Bi Fujian, a regular presenter on state-run CCTV and the host of its annual New Year's variety show — the most-watched television program in the world, according to the BBC — says he's sorry for his actions.

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The Two-Way
11:17 am
Thu April 9, 2015

China's Neighbors See Mischief In What's Happening At Disputed Reef

Originally published on Thu April 9, 2015 12:24 pm

There's something amiss on Mischief Reef: Before and after satellite imagery of the disputed coral atoll in the South China Sea taken a few years ago and last month show that the reef is growing. And the telltale presence of a Chinese flotilla is proof of who's been at work dredging up white sand and depositing it on the surface.

Meiji Reef, as the Chinese call it, is part of the Spratly Islands, an archipelago that has long been the source of a tug-of-war between China, Vietnam, the Philippines and at least three other claimants.

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The Two-Way
7:15 am
Thu April 9, 2015

Founder Of Indian IT Giant Satyam Gets 7 Years For Fraud

Ramalinga Raju, founder and former chairman of fraud-hit Satyam Computer Services, is escorted from a court in the southern Indian city of Hyderabad in April 2009. Raju and nine other defendants have been convicted of fraud and conspiracy.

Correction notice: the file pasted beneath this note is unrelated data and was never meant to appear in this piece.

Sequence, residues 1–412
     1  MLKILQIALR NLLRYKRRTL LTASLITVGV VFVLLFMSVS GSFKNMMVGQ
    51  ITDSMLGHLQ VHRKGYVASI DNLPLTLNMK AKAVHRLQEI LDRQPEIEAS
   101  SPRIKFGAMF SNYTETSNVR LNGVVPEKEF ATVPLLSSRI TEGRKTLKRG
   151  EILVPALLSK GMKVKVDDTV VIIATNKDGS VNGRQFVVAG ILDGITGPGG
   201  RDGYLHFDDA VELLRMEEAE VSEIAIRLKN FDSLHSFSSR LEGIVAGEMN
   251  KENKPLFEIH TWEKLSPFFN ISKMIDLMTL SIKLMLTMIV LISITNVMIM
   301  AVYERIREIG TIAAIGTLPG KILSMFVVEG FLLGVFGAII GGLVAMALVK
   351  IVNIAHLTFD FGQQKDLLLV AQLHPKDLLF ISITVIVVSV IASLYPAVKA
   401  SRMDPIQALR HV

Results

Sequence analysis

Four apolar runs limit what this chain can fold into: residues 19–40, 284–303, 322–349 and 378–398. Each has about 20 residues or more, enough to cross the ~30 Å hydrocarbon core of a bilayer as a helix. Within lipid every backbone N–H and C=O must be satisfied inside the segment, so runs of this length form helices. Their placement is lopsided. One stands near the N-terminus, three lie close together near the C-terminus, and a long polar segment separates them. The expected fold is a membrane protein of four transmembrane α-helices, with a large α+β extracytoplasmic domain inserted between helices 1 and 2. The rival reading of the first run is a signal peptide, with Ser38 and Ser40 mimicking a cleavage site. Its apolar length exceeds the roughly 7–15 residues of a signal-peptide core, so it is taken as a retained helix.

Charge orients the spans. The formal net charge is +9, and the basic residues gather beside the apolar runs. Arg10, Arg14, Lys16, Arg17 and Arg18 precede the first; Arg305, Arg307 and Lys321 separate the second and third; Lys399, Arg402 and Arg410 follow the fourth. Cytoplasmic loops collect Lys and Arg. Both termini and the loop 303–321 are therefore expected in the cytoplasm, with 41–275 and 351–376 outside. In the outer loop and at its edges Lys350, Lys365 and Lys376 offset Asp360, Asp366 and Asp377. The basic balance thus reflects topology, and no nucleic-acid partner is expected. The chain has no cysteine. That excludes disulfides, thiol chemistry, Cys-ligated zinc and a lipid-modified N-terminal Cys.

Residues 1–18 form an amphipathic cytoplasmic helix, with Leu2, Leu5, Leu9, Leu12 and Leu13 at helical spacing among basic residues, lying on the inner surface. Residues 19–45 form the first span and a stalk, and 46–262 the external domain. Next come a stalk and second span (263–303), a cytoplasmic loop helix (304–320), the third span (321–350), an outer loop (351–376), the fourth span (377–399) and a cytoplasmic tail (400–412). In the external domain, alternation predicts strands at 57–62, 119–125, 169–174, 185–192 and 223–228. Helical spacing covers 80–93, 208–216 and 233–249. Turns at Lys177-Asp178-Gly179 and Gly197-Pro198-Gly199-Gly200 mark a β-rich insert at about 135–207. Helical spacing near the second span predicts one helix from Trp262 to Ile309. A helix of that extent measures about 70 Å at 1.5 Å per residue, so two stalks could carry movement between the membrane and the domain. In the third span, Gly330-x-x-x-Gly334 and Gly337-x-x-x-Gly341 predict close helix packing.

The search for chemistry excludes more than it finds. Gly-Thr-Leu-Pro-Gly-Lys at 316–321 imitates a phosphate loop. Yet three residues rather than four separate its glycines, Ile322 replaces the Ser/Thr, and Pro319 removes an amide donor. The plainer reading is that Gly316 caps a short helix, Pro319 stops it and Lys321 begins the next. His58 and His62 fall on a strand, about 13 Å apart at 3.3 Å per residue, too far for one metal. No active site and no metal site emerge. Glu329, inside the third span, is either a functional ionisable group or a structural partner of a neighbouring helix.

Krishnendu Halder Reuters/Landov

Originally published on Thu April 9, 2015 10:33 am

In one of India's largest-ever cases of corporate fraud, the founder and chairman of failed outsourcing giant Satyam Computer Services and nine other defendants have been sentenced to seven years in prison on charges of stealing millions from shareholders.

An Indian court in the country's tech hub, Hyderabad, ruled Thursday that B. Ramalinga Raju, his two brothers and seven other officials of Satyam — which collapsed in 2009 — used forged documents and fake bank accounts in a scheme that cost the company's shareholders $2.28 billion.

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The Two-Way
12:55 pm
Sun April 5, 2015

Netanyahu: 'I'm Not Trying To Kill Any Deal' With Iran

A photo released by Government Press Office shows Israeli Prime Minister Benjamin Netanyahu as he delivers a statement on April 3 "strongly opposing" the framework deal.
Kobi Gideon AP

Originally published on Sun April 5, 2015 3:36 pm

Israeli Prime Minister Benjamin Netanyahu urged the U.S. to seek a better agreement with Iran over its nuclear weapons program, insisting that he's not trying to kill any deal, just "a bad deal."

Netanyahu, speaking on NBC's Meet the Press, argued that the current plan "leaves the preeminent terrorist state of our time with a vast nuclear infrastructure."

He lamented that "not one centrifuge is destroyed" under the agreement.

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The Two-Way
8:26 am
Sun April 5, 2015

Large Hadron Collider Goes Back Online After 2-Year Hiatus

The Control Centre of the Large Hadron Collider (LHC) at the European Organisation for Nuclear Research (CERN) in Prevessin near Geneva. The LHC has been turned on for the first time after two years of upgrades.